Oral Health: How it’s Linked to Heart Problems

Oral Health: How it’s Linked to Heart Problems  How heart and oral hygiene are connected Symptoms of gum disease How to prevent gum disease

There is a ton of evidence suggesting that people with moderate or severe gum disease (gingivitis) are at a greater risk of heart infections and disorders, especially if they have a history of similar complications. Let’s take a closer look at the factors that can affect your overall well-being. Along with some of the best ways to care for your oral health and your wonderful smile.

How heart and oral hygiene are connected

Studies suggest a healthy mouth could be directly related to a healthy heart. And it all starts with the gums. As the bacteria present in your mouth starts interacting with starch and sugar in your food, it begins to form plaque on the surface of your teeth and around the gum line. Even with mild gum disease, bacteria can enter the bloodstream causing inflammation in different parts of your body, especially the inner lining of the heart and arteries. Healthy gums can reduce the chances of dangerous clotting and even lower the risk of heart attacks. Even though kids are at a much lower risk, the sooner your family can be put on an effective dental care routine, the better it will be for everyone in the long run.

Symptoms of gum disease

Gum disease affects nearly half the adult population in the Unites States. Since it can often be painless, here are a few warning signs to watch for:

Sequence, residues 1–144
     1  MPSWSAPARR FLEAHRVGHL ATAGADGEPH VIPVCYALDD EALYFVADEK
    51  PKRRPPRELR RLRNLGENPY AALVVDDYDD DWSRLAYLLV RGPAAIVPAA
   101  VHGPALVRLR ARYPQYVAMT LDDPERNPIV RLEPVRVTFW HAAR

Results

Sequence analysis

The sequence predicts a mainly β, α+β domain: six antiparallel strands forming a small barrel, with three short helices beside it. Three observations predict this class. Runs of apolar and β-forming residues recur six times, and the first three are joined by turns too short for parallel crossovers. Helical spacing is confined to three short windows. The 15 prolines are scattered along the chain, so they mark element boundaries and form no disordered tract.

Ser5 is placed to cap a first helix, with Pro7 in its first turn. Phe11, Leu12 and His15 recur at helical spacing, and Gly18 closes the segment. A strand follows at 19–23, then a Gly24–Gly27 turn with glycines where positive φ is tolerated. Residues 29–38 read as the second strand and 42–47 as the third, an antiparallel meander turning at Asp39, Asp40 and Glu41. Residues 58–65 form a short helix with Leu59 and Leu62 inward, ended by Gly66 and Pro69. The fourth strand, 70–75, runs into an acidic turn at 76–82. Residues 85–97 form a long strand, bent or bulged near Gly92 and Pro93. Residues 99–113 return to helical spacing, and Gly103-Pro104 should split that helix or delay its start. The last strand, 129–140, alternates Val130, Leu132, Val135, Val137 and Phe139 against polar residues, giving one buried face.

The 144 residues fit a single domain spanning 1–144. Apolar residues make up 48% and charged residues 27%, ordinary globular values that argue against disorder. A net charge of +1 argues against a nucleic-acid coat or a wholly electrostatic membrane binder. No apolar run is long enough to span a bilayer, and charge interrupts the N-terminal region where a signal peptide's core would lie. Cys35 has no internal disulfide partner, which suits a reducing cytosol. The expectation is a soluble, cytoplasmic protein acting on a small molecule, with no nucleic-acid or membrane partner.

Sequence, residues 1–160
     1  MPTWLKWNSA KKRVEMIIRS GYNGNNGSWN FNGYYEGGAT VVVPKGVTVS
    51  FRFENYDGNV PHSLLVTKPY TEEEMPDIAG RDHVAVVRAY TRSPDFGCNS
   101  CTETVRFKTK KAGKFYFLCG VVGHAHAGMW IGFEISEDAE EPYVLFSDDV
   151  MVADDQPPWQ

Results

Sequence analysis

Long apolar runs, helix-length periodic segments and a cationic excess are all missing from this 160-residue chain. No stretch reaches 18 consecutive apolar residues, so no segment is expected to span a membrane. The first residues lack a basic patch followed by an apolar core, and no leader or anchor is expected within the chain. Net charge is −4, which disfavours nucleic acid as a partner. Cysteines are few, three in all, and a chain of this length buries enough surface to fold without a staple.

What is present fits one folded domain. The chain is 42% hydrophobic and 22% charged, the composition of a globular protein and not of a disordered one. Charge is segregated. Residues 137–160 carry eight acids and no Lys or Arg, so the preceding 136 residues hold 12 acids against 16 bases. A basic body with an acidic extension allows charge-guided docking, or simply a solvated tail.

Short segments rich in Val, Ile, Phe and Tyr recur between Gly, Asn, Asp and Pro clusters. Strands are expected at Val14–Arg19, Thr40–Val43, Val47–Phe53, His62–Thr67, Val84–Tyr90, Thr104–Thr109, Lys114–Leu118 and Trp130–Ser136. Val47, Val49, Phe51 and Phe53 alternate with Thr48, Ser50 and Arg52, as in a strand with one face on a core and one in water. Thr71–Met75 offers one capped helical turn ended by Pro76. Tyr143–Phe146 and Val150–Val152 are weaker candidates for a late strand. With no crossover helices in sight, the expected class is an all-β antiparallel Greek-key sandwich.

• Swollen, red, or tender gums
  • Gum bleeding while brushing, flossing or eating food
  • Sores in the mouth
  • Pus between teeth and gums
  • Brown deposits along the gum line
  • Loose teeth or teeth moving apart
  • Receding gums

How to prevent gum disease

The American Dental Association recommends brushing at least twice a day for two whole minutes. Using Crest Gum and Pro-Health pastes can be extremely beneficial — they’ve been clinically proven to neutralize plaque bacteria and prevent (and even reverse) gingivitis. Flossing regularly and getting professional cleanings every six months is really helpful as well. Both for your heart and your smile.


  1. https://theheartfoundation.org/2017/05/26/gum-disease-and-the-heart/
  2. https://www.health.harvard.edu/diseases-and-conditions/gum-disease-and-the-connection-to-heart-disease

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